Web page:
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Arithmetic attendance beautiful become Boston boys Brown University called Cemetery Hill cent character child College Committee consonant sound corporal punishment course discussion duty East Greenwich election Electors English English language evil examination exercise female friends Geography give Grammar Schools habit Harrisburg Henkle Ida Fuller important influence Institute instruction interest intransitive verb iron labor language Lapham Institute lecture lesson Massachusetts means meeting method mind moral nation nature Normal School North Scituate Number of pupils o'clock object Oswego parents pasture person practice present President principles Prof Providence public schools punishment question received Rhode Island salaries scholars school discipline school-room Schoolmaster sentences syllable taught teachers teaching text-book things thought tion town verb VOLUME ELEVEN vowel words writing young
Page 152 - One-eighth of the whole population were colored slaves, not distributed generally over the Union, but localized in the southern part of it. These slaves constituted a peculiar and powerful interest. All knew that this interest was, somehow, the cause of the war.
Page 152 - Both read the same Bible and pray to the same God, and each invokes His aid against the other. It may seem strange that any men should dare to ask a just God's assistance in wringing their bread from the sweat of other men's faces, but let us judge not, that we be not judged. The prayers of both could not be answered. That of neither has been answered fully. The Almighty has His own purposes...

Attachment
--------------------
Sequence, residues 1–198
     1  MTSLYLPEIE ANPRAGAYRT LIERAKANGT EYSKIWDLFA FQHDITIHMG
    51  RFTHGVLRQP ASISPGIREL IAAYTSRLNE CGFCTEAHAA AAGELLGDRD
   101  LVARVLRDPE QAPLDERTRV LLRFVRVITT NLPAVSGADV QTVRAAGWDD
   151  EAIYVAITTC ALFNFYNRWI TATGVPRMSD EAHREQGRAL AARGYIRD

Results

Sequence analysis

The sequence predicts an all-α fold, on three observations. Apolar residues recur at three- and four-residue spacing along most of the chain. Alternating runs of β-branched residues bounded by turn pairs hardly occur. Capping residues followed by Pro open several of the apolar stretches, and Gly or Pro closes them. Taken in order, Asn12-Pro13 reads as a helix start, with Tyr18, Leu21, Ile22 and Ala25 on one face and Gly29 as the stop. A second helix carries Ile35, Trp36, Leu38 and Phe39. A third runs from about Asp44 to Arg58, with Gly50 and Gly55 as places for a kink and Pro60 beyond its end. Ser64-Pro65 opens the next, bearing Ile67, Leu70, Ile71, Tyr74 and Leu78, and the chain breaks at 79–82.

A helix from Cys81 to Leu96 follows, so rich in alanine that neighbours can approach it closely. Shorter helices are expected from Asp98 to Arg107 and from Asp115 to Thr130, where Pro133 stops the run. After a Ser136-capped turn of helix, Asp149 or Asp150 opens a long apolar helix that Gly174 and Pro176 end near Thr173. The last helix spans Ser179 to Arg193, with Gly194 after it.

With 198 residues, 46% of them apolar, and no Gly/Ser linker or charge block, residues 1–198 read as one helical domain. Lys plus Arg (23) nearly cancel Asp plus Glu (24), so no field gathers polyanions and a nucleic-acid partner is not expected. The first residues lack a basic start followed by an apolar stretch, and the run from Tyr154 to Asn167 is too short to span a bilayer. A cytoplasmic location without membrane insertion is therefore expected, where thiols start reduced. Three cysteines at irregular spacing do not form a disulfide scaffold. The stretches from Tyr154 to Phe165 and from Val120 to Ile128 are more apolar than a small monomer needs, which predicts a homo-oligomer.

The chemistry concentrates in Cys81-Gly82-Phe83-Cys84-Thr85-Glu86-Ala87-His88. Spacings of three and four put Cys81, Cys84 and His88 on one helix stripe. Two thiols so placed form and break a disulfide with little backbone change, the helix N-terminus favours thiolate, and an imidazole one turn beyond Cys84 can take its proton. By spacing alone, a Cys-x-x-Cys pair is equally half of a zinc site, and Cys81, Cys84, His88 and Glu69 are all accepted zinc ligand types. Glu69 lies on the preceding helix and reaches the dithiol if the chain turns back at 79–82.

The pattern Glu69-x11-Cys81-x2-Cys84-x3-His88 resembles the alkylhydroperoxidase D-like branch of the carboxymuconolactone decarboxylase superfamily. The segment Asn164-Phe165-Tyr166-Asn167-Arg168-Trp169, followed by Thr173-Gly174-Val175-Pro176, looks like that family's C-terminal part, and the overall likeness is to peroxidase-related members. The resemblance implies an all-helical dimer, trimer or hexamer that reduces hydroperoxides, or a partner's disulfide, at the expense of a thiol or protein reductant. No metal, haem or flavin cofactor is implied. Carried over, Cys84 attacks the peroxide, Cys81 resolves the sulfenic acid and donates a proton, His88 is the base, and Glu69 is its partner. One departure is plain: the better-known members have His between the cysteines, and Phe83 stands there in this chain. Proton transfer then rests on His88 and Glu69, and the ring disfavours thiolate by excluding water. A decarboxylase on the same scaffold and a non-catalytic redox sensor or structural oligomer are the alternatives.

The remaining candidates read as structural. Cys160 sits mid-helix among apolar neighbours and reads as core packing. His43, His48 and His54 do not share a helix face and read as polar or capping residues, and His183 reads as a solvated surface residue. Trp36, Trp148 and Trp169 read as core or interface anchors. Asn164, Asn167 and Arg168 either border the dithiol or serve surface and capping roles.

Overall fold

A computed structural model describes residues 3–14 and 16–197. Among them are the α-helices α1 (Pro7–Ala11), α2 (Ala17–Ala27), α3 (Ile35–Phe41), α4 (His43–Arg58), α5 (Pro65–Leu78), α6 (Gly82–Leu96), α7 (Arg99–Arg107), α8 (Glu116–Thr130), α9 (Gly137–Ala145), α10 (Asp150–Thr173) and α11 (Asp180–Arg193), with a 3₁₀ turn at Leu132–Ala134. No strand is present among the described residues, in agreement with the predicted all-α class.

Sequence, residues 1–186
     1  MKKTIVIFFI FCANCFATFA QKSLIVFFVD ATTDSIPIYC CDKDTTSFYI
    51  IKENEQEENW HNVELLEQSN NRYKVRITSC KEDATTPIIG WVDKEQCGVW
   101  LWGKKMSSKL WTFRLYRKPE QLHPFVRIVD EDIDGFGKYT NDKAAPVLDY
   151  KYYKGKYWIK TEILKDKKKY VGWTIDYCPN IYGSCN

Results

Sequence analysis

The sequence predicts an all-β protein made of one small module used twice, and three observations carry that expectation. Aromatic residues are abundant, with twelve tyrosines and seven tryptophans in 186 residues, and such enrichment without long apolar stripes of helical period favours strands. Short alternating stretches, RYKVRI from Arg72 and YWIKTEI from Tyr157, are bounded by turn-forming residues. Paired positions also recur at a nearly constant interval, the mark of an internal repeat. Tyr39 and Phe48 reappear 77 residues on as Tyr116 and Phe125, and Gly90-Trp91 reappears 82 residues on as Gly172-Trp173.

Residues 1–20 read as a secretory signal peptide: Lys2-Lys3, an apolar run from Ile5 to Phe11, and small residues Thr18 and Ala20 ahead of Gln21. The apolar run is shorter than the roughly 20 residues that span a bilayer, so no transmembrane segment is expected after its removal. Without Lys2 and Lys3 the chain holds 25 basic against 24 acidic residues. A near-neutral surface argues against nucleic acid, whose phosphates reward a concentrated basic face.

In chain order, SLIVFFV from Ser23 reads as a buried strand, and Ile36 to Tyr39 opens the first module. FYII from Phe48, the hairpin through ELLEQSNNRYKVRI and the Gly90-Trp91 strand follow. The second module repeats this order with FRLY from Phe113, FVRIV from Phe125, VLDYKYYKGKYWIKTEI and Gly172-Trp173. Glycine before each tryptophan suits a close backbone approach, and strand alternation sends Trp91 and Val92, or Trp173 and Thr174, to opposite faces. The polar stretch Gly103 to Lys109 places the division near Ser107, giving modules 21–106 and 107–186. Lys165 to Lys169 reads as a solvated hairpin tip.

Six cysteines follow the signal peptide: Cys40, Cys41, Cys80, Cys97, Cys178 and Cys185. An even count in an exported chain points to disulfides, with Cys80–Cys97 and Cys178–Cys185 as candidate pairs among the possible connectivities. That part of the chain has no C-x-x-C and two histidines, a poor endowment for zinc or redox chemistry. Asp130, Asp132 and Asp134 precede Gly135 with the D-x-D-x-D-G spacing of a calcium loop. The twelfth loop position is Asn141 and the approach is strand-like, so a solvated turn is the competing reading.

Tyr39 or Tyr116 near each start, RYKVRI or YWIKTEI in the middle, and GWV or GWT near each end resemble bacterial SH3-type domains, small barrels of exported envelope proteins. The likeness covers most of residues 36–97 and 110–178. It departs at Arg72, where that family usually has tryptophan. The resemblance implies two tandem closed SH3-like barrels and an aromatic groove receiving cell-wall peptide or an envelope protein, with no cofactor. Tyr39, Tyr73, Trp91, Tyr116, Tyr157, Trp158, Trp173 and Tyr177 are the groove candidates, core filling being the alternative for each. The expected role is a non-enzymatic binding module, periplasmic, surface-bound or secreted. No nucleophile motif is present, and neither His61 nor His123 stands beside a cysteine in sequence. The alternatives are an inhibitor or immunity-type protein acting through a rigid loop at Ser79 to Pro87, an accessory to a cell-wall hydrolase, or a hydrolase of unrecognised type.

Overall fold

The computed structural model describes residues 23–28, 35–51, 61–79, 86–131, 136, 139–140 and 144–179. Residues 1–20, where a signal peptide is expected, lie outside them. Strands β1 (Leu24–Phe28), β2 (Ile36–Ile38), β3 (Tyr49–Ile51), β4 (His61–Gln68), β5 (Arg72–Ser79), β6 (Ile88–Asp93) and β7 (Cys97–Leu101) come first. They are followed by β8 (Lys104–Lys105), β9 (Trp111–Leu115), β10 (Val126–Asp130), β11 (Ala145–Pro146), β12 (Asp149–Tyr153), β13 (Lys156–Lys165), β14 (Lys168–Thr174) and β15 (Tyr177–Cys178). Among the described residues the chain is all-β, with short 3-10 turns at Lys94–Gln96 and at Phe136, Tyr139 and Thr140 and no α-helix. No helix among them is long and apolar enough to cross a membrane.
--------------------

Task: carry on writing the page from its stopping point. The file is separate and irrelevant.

Page 169 - The intense view of these manifold contradictions and imperfections in human reason has so wrought upon me, and heated my brain, that I am ready to reject all belief and reasoning and can look upon no opinion even as more probable or likely than another.
Page 152 - Both parties deprecated war, but one of them would make war rather than let the nation survive, and the other would accept war rather than let it perish, and the war came...
Page 149 - Oh ! why should the spirit of mortal be proud ? Like a swift-fleeting meteor, a fast-flying cloud, A flash of the lightning, a break of the wave, He passeth from life to his rest in the grave. The leaves of the oak and the willow shall fade, Be scattered around, and together be laid ; And the young and the old, and the low and the high, Shall moulder to dust, and together shall lie.
Page 27 - Can the Ethiopian change his skin, or the leopard his spots ? then may ye also do good, that are accustomed to do evil.
Page 123 - How they pale, Ancient myth and song and tale, In this wonder of our days, When the cruel rod of war Blossoms white with righteous law, And the wrath of man is praise...
Page 123 - Let us kneel: God's own voice is in that peal, And this spot is holy ground. Lord, forgive us! What are we, That our eyes this glory see, That our ears have heard the sound!